In this issue: It pays to be more energy efficient

This is the third volume of the Borehole Water Journal Online (BWJO). The metrics for Volumes 101 and 102 have been nothing short of amazing. 6300 visitors, of which an estimated 4760 were distinct people, did 17 250 page views!

The editorial policy has and always will be that this publication will be a vehicle for the dissemination of information aimed at the upliftment of the industry. Our content therefore offers answers to questions posed by end users, contractors, suppliers and groundwater professionals.

All aspects of the energy question continue to gain significant attention from people in all walks of life. In this edition we have two articles that take a closer look at this vital aspect of our lives (imagine a world without electricity). Our feature article, Making Cents of a Borehole Installation, shows how the cost of water, drawn from a borehole, increases dramatically as drawdown increases. Our next article tackles the folly of throttling pumps in order to achieve a required flow rate. Read Throttle your pump, throttle your profits.

We also have an article that looks at the impact that mining has on groundwater in Sydney Australia, using laser technology. While this is geographically far from SA, there are more similarities in the mining/groundwater interaction between the two countries than there are differences. The opportunities are therefore ever present to learn from how conflicts of interest are handled elsewhere in the world.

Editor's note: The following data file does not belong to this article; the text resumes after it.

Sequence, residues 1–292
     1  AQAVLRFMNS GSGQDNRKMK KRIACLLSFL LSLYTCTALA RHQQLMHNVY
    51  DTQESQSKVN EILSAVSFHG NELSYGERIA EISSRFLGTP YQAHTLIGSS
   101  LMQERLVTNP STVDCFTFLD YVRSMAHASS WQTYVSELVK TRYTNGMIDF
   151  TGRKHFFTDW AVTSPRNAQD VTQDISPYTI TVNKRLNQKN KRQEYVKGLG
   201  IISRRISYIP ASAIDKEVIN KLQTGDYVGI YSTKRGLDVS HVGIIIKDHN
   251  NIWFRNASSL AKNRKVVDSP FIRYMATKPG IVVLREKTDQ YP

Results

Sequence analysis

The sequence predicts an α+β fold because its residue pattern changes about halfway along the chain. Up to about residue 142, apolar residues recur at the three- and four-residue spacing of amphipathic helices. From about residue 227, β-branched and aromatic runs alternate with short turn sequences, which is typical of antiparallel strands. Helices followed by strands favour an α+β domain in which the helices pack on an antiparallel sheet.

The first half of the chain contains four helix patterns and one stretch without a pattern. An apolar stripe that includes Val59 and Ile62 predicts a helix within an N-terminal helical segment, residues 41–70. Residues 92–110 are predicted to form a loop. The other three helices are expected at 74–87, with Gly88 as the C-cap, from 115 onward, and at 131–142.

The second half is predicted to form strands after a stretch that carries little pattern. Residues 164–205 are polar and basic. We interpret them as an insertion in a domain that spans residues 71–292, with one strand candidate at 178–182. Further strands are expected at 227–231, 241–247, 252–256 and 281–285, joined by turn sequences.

Then in To register or not to register…? Permitted water use explained in terms of the National Water Act, we take a close look at the often-queried problem of registration of boreholes and the requirements for the granting of a water usage license. The author, Ernst Bertram, recently retired from civil service and provides a valuable insight into the legal requirements for the drilling of a borehole.

In the Groundwater News section, there's a roundup of some of the groundwater-related stories making headlines, as well as news items on the WISA Conference, borehole water usage at a large shopping mall, and the history of Joburg's water supply.

Do you have an article to submit for the next volume of the Journal? The focus will be on solar energy, so articles on the application of solar energy will be particularly welcomed. Read our guidelines for article submissions and please submit any articles that will contribute to the professionalism of the groundwater industry.

John Tonkin, BWJO Editor